Hatchepsut: The Female Pharaoh
Penguin Books Limited, 1998 M01 29 - 304 pages
Queen - or, as she would prefer to be remembered King - Hatchepsut was an astonishing woman. Brilliantly defying tradition she became the female embodiment of a male role, dressing in men's clothes and even wearing a false beard. Forgotten until Egptologists deciphered hieroglyphics in the 1820's, she has since been subject to intense speculation about her actions and motivations. Combining archaeological and historical evidence from a wide range of sources, Joyce Tyldesley's dazzling piece of detection strips away the myths and misconceptions and finally restores the female pharaoh to her rightful place.
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Tuthmosis III was therefore only of royal descent on his fathers side, and perhaps
in consequence not entirely acceptable as heir to the royal throne. This may be
why in later years, and despite the fact that he had started the numbering of his ...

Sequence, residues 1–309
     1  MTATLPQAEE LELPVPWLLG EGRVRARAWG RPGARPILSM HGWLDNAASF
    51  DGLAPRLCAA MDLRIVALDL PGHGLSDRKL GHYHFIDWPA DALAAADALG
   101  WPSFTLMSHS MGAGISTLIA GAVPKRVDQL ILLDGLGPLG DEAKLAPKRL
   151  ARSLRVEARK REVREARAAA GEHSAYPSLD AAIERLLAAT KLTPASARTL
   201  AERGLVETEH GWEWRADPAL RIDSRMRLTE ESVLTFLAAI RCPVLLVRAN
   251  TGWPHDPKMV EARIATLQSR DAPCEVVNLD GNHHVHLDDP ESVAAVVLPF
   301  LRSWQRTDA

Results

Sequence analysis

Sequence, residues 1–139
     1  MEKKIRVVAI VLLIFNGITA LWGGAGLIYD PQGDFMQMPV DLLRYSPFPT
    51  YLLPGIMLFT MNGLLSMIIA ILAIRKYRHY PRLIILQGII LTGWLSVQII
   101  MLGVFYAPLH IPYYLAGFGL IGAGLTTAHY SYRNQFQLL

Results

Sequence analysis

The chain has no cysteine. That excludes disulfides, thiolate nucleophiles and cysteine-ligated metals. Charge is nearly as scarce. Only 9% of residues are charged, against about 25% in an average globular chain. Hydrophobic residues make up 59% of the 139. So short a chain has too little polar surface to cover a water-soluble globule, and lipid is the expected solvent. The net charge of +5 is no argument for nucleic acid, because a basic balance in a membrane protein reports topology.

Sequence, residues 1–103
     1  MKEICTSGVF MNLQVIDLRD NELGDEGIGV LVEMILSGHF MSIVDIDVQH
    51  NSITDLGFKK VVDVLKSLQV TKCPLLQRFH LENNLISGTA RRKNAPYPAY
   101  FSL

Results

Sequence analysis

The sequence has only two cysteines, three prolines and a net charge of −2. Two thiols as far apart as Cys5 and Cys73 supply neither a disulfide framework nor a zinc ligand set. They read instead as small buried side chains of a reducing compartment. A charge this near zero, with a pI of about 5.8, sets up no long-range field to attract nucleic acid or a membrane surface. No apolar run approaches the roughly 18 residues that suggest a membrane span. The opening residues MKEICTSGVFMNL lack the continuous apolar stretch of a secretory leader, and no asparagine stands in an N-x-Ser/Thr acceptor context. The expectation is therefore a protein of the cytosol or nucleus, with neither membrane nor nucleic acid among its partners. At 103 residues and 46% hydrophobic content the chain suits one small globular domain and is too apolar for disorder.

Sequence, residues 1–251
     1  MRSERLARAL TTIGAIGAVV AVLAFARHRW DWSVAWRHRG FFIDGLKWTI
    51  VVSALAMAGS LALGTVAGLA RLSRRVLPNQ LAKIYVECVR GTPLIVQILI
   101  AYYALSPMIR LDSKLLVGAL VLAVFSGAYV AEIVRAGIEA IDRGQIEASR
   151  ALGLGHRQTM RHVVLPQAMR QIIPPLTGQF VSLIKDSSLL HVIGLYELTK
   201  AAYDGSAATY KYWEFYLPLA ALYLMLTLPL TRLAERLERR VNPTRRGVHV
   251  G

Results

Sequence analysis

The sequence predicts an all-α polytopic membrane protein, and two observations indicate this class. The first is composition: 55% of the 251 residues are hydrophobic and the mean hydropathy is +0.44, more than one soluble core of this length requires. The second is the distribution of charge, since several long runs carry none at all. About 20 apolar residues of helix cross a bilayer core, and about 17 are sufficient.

The two obelisks are not shown as we might expect, lying side by side, but are
lying base-to-base, their tips pointing up and down stream respectively. To
transport the obelisks in this way would have required an enormously long barge
(over 6 ...
... opposite side of the same portico, which is now unfortunately much destroyed,
we are shown Hatchepsut in her role as ... tale of Hatchepsut's divine birth and
coronation (northern side) and the story of the expedition to Punt (southern side).
What people are saying - Write a review
LibraryThing ReviewUser Review - gcamp - LibraryThing
Although I learned much about the female King, Hatchepsut, I often found this book to be a little to slow at times. Therefore, it was difficult to maintain my interest in it. Hatchepsut was the ... Read full review
LibraryThing ReviewUser Review - KarenIrelandPhillips - LibraryThing
The author's excellent work on the daily life of ancient Egyptian women piqued my interest in her biography of this queen (more usually spelled Hatshepsut) who ruled as a King. I was not disappointed ... Read full review
Backdrop Egypt in the Early Eighteenth Dynasty
A Strong Family The Tuthmosides
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